"The weather has always been crazy" - stubbornly hold such views downplay the effect of climate change. From statistics, however, it is clear that the weather is increasingly "crazy" these days. "The California drought in 2016, the flood in Pakistan in 2010, and the 2003 heatwave in Europe are all a very disturbing series of extremes, " says Michael Mann of Pennsylvania State University, State College.
Fingerprint of human activity
This trend is not only generally striking, but also within the framework of climate change models. "These events occur more often than would be expected from the direct effects of global warming. So there has to be an additional effect of climate change here, "says Mann. As he and his colleagues have now shown, the climatic developments favor extreme meanders in the large air currents - the jet streams. This leads to the heaped weather extremes. "So we finally see a clear fingerprint of human activity, " says Mann.
The results of the international research team are based on the analysis of satellite data, climate models and historical weather records. "High-quality satellite data has only been available for a relatively short time - too short to draw reliable conclusions. Reliable temperature measurements, on the other hand, have been around since 1870. Therefore, we took these measurements to reconstruct the changes over time, "says co-author Kai Kornhuber of the Potsdam Institute for Climate Impact Research (PIK). "We looked at dozens of different climate models, computer simulations, and observational data to study effects on planetary waves, " says Kornhuber.
Climate change is stalling currents
These planetary waves are gigantic streams of air that orbit the earth and wave up and down between the tropics and the Arctic. They transport heat and moisture. These currents are driven mainly by the temperature differences between the equator and the poles. As the researchers explain, these temperature differences are now decreasing as the Arctic heats up faster than other regions. In addition, the land masses warm up faster than the oceans, especially in the summer. Both changes affect the global winds, the scientists explain. display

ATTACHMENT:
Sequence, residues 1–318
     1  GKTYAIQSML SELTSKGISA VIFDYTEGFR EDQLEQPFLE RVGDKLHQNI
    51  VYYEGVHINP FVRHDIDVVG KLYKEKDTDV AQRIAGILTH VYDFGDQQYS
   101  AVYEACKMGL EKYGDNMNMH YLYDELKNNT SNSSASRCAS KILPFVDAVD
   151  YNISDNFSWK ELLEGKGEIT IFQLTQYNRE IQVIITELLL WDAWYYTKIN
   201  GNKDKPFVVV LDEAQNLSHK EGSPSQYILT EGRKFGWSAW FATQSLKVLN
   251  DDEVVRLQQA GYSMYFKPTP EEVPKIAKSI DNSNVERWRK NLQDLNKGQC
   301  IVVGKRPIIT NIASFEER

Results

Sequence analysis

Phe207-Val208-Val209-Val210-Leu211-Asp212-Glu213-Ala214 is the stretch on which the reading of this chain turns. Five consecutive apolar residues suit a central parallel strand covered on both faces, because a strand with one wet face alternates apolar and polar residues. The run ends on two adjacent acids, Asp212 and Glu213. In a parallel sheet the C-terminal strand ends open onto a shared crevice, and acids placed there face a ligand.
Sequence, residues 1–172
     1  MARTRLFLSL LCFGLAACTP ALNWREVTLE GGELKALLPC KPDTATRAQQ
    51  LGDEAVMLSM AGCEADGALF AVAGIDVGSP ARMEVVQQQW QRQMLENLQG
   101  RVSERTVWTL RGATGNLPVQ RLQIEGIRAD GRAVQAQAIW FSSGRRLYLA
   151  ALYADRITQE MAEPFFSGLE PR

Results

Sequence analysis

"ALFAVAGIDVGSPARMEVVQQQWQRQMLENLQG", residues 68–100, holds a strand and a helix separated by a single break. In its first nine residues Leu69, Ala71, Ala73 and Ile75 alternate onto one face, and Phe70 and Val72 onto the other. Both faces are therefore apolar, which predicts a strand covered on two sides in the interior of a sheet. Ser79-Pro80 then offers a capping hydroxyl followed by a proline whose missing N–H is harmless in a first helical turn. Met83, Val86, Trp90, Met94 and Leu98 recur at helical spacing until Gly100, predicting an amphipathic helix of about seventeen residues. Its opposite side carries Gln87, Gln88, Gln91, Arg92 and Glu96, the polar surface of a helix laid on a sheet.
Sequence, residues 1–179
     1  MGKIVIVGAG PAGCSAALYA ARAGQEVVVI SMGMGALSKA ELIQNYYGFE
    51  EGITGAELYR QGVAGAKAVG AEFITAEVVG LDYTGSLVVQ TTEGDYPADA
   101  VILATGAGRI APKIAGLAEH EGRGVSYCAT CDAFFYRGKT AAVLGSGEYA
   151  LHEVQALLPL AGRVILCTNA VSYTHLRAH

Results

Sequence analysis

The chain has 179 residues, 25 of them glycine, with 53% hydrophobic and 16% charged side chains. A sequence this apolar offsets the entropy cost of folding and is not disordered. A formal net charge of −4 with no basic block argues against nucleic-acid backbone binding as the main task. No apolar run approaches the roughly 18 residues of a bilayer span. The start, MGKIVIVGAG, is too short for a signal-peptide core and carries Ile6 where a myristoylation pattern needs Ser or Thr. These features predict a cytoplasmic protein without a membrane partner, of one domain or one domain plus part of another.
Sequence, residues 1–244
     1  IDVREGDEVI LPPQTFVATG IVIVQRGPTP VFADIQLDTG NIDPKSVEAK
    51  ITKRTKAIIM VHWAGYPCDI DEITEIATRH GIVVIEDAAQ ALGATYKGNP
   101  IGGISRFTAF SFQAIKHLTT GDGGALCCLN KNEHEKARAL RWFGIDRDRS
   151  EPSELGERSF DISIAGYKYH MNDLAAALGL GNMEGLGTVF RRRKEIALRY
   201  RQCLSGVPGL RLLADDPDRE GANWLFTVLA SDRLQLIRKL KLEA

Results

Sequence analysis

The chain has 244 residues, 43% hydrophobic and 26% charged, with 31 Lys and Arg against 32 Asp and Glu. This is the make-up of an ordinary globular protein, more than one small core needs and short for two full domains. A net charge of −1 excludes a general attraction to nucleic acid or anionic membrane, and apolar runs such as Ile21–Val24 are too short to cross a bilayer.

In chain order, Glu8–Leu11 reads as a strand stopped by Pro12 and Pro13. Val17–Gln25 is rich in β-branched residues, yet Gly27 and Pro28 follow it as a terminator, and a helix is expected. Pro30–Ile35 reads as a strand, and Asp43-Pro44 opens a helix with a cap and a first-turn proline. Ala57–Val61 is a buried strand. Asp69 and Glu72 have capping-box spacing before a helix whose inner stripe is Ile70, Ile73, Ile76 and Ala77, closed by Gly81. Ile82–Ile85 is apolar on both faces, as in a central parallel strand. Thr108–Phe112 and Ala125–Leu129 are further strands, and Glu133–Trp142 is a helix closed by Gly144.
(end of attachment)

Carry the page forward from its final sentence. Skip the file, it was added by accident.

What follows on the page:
The weather extremes occur when the weather changes to a halt. "This occurs under special conditions that favor so-called quasi-resonant amplification. This makes the north-south windings of the jet stream very large, and it blocks the forward movement of the waves from west to east, explains co-author Stefan Rahmstorf from PIK. It turned out that the temperature distribution, which favors the stalling of the planetary waves, has increased in almost 70 percent of the simulations. The scientists also found in their data a particular distribution of temperatures just during the periods when the eastern forward motion of the planetary waves stopped.
As the researchers report, most of these changes occurred only in the last four decades. "The fact that the jet stream often winds heavily over a long period of time is a relatively new phenomenon - which makes it even more significant, " says co-author Dim Coumou of the Free University of Amsterdam. "We now have to investigate this further - in addition to the good evidence, we continue to have unanswered questions." Once again, however, is his conclusion: "We can limit the risks of increasing weather extremes, if we limit our emissions of greenhouse gases, " said the climatologist,
Original work of the researchers:
- Scientific Reports, DOI: 10.1038 / srep45242